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Holly— Three unclaimed homeless Detroit veterans were finally buried during a memorial service Tuesday at Great Lakes National Cemetery.

It was a beautiful autumn day with plenty of sunshine, a gentle warm breeze and Fagan Lake as a backdrop to full military services, complete with honor guards, taps and gunshot salutes to U.S. Marine Corps Cpl. Joseph Michael Fitzryk; U.S. Army Spc. Ronald Lee LaValley and U.S. Air Force Spc. Melvin R. Wilbourn.

“We do this in respect and admiration to these men,” said Nelson Thulin, a funeral director from Wisconsin who is part of the Dignity Memorial Network which has helped provide funerals for homeless veterans across North America.

Vern Pixley of Pixley Funeral Home in Rochester, whose hearse transported the caskets, gave an opening eulogy for each of the three men whom neither he — nor any of the more than 200 people present — had ever met or likely ever seen.

“It’s an honor to serve those who selflessly served their own country,” Pixley said, noting how now they can each rest in peace with their brothers and sisters from military service.

“Welcome home. ... Welcome home.”

Pixley noted how the three were part of the 75,000 homeless in Michigan and 150,000 homeless veterans nationally, including 6,000 from Michigan. After they died, their bodies were unclaimed at the Wayne County Morgue.

There are about 27,000 military veterans and their spouses interred in Great Lakes National Cemetery, which opened in 2005.

Greg Price of the Sons of the American Legion said but for the Dignity Memorial program, the three homeless veterans may have remained at the morgue for some time.

“When they recently removed 170 deceased from the Wayne County morgue for burial 13 were veterans,” Price said. “We have disposed of ashes that had sat unclaimed, on a shelf for 78 years.”

Organizers admit not much is known of the three other than their names and service records: Fitzryk served in the Marines from 1974-78; LaValley was in the Army from 1966-68; and Wilbourn spent time in the Air Force from 1955-57.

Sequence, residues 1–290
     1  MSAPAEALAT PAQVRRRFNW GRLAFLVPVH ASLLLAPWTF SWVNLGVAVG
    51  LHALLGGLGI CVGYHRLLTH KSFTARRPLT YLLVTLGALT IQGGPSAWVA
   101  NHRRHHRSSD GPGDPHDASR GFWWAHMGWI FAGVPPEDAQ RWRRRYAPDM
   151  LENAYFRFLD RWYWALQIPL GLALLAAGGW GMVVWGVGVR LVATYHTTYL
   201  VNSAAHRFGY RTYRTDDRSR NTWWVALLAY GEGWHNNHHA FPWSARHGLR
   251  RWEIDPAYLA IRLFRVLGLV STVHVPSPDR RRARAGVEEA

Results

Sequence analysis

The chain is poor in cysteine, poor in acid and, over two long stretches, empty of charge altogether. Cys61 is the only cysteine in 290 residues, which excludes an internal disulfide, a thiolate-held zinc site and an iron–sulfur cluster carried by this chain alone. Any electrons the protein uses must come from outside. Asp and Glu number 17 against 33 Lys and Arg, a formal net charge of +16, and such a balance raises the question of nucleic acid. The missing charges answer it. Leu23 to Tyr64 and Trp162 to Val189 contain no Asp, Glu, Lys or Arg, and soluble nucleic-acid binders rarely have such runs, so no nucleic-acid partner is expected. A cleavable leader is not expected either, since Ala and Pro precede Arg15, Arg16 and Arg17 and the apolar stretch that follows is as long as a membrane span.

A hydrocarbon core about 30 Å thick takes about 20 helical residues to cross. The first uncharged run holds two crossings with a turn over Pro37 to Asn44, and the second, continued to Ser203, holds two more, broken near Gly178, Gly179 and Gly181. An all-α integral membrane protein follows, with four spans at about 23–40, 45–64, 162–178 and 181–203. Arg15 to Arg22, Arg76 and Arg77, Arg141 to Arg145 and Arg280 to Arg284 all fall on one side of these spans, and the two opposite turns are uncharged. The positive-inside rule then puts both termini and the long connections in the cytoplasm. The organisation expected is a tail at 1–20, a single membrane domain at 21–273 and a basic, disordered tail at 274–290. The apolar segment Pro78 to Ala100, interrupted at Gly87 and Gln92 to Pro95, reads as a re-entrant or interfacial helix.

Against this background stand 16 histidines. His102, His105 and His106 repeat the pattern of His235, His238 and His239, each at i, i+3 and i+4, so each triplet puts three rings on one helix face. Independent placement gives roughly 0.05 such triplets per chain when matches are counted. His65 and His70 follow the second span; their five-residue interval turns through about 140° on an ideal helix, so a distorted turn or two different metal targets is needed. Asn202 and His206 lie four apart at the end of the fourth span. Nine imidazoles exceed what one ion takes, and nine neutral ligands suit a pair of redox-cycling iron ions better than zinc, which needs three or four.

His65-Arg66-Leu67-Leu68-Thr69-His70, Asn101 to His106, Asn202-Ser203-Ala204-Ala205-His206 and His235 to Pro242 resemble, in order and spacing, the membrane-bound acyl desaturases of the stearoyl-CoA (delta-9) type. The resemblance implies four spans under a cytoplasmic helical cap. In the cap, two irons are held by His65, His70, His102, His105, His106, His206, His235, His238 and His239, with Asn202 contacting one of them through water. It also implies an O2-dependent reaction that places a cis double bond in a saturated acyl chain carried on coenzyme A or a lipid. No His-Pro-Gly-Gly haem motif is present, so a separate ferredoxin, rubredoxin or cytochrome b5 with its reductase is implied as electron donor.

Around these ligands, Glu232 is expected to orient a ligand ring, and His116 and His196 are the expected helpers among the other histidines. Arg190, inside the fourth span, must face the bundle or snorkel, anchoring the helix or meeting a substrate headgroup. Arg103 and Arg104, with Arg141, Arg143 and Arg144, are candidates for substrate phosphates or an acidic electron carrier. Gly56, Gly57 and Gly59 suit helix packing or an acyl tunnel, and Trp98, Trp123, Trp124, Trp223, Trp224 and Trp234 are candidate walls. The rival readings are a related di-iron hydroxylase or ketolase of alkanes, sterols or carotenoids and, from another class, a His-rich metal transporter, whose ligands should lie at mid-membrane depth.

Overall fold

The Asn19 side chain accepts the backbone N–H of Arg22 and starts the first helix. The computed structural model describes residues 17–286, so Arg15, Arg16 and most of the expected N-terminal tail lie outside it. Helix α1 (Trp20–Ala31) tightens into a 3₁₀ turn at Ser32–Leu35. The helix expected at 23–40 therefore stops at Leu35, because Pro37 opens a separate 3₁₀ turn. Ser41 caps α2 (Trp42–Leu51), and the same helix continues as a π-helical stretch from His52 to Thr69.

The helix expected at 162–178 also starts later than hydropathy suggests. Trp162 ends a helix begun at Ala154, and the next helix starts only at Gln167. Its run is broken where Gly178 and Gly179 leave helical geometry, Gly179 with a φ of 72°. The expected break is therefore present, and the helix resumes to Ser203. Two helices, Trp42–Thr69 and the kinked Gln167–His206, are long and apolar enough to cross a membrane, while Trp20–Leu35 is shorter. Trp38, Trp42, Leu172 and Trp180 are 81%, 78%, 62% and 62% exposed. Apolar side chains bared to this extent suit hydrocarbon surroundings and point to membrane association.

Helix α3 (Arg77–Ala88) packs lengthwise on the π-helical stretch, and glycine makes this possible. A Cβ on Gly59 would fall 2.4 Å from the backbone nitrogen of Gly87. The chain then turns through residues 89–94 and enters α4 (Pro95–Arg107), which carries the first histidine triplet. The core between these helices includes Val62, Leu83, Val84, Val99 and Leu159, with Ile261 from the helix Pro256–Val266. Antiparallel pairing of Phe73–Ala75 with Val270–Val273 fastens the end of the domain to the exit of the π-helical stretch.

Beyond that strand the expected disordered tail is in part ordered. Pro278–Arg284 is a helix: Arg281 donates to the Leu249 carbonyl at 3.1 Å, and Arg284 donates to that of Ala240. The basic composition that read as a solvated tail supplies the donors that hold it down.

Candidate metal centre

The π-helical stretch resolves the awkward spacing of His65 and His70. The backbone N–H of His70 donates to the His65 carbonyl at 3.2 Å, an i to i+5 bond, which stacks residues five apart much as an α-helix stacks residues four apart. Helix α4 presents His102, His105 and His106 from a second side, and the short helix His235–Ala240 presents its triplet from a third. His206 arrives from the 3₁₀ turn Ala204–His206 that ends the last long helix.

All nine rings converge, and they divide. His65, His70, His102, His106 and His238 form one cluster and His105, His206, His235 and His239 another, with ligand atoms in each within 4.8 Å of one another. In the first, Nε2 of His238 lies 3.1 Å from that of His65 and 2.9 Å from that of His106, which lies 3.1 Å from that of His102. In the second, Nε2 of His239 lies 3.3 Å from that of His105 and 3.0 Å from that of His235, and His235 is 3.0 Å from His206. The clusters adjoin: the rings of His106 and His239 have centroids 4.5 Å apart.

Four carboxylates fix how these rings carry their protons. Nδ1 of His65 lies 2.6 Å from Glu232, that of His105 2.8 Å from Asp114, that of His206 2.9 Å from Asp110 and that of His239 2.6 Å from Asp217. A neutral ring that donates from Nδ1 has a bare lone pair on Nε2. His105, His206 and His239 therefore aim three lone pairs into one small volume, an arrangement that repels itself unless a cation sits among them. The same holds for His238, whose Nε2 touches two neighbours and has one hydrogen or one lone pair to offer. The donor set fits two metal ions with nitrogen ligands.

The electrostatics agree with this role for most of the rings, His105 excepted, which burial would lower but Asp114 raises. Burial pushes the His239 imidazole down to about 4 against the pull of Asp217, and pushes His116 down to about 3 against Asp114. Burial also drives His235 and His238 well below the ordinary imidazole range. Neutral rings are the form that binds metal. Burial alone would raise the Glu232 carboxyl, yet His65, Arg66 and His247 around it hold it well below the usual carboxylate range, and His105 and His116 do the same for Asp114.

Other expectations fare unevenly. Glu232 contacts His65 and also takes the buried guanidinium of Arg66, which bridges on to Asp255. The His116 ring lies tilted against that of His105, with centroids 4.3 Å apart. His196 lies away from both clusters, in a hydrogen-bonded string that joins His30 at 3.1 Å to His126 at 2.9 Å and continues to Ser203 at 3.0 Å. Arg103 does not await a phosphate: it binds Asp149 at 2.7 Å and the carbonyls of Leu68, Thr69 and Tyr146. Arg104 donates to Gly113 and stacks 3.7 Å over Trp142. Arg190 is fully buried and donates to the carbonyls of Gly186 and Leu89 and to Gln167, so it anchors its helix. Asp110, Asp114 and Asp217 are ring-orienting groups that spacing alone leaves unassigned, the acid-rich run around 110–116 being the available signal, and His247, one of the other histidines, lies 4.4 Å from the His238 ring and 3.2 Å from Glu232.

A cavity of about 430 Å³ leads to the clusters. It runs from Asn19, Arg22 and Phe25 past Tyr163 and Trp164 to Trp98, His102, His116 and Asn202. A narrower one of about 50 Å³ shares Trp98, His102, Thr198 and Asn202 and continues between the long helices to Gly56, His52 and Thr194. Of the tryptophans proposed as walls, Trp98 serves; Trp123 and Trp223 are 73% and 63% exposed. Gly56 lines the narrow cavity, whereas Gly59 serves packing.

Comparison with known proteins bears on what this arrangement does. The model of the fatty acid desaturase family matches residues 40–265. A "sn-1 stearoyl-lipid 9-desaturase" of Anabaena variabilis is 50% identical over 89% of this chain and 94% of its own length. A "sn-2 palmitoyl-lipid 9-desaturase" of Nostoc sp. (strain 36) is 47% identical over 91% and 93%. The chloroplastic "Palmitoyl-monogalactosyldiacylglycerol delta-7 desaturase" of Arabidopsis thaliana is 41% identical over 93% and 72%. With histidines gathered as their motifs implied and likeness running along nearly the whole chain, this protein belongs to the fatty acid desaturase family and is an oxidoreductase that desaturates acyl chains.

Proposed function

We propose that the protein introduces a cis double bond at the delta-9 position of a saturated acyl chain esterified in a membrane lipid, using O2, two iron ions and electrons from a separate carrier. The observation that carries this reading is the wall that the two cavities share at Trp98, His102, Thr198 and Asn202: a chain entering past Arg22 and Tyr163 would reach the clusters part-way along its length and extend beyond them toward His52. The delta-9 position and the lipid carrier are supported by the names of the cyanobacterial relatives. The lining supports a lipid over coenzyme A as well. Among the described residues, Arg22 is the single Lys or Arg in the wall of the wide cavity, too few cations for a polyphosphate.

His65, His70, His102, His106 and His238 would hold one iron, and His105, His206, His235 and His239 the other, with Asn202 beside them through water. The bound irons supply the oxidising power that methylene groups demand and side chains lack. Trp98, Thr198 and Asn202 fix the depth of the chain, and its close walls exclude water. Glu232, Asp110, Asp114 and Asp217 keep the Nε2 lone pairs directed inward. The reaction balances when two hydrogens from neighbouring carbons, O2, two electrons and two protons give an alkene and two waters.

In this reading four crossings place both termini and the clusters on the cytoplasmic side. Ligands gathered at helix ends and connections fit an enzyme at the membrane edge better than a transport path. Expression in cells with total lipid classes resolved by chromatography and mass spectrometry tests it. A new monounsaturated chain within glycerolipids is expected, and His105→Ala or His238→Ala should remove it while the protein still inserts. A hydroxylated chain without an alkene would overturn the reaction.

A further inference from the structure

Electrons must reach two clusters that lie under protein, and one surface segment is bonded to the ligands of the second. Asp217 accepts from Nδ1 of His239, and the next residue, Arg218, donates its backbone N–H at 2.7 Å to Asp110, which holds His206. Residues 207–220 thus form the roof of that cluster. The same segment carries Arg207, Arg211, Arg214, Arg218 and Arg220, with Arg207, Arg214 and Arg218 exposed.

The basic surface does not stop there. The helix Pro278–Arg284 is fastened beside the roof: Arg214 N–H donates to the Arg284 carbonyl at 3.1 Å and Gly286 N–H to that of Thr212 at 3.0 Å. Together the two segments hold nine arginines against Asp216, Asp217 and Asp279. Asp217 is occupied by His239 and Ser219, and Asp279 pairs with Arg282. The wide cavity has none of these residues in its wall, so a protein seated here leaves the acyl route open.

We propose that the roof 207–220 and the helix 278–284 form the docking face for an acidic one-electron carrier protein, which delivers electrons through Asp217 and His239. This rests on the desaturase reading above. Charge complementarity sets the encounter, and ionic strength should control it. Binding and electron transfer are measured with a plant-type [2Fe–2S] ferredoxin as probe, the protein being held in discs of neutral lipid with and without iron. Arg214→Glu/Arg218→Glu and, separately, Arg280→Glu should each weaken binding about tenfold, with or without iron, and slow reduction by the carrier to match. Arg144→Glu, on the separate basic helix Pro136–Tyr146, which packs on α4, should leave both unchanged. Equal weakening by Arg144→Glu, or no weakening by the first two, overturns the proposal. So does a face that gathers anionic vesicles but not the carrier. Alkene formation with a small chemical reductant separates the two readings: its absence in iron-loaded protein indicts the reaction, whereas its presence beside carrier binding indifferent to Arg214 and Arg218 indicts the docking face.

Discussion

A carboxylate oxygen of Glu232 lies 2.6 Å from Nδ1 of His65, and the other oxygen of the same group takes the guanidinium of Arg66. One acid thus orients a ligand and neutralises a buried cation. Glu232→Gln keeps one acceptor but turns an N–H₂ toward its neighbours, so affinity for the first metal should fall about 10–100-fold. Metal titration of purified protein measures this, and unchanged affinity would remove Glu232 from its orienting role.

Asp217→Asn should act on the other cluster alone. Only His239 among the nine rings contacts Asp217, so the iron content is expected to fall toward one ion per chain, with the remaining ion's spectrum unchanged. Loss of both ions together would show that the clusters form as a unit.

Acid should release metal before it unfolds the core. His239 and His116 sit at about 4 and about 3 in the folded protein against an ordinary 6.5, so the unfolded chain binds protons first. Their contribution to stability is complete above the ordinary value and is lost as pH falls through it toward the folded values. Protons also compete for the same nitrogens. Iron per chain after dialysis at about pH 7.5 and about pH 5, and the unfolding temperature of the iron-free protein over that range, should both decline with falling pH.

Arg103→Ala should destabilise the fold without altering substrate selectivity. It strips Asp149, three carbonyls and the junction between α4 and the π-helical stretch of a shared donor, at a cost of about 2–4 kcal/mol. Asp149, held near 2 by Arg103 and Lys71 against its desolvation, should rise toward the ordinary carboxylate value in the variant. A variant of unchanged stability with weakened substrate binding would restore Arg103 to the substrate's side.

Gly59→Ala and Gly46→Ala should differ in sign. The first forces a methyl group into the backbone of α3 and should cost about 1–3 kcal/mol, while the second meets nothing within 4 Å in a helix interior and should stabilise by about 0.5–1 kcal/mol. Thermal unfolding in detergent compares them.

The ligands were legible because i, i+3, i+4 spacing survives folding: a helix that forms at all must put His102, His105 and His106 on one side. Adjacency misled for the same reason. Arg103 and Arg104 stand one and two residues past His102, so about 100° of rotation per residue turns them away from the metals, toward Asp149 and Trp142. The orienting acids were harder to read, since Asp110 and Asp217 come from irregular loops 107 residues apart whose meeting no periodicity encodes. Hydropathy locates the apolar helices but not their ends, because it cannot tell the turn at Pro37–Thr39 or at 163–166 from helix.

Flags draped over each of their caskets were neatly folded and solemnly presented to members of the Blue Star Mothers, women who have family in the service.

Besides red-jacketed members of the U.S. Marine Corp League of Flint and honor guards from the Marines, Army and Air Force, there were some unlikely attendees. Six University of Detroit Jesuit High School seniors — in neck ties and sport coats — served as pallbearers while 82 members of the Patriot Riders — leather and blue jean jacketed motorcyclists from Michigan chapters and cities — volunteered their time to stand at attention with U.S. flags at veteran funerals in case of potential protests.

U-D Jesuit student Leonard Froehlich summed his feelings up in a school news release:

“The men we honored today put their lives on the line for our country and now they deserve our dignity and service in return. There is no better way to pay our respects than by being pallbearers. We honor these service members by being with them in their last moments on earth, and that in itself is a privilege.”

mmartindale@detroitnews.com

(248) 338-0319

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